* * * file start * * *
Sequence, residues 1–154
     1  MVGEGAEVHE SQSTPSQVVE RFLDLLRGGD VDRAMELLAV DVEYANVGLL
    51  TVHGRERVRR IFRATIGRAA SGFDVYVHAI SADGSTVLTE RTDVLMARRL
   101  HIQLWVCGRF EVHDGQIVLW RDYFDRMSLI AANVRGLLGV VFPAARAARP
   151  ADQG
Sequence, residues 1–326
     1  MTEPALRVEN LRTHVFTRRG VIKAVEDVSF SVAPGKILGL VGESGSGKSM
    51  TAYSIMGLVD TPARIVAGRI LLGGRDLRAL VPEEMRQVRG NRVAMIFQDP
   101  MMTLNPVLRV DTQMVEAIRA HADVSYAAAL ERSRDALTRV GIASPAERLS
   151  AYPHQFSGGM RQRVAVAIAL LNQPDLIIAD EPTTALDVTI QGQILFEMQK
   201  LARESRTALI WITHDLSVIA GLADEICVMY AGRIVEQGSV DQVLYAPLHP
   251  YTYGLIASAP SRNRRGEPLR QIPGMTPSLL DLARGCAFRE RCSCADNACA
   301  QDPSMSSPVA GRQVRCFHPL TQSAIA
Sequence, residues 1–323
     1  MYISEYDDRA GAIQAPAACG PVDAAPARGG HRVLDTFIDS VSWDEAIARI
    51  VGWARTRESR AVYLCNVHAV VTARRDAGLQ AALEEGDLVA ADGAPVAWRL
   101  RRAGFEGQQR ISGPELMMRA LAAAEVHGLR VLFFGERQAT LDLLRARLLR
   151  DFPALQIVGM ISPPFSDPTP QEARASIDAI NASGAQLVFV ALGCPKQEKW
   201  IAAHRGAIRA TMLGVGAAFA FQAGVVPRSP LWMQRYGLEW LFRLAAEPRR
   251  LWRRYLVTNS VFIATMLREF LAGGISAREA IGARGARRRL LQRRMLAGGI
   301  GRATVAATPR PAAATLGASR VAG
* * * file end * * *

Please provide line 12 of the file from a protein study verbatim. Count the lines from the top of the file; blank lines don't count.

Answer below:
   251  YTYGLIASAP SRNRRGEPLR QIPGMTPSLL DLARGCAFRE RCSCADNACA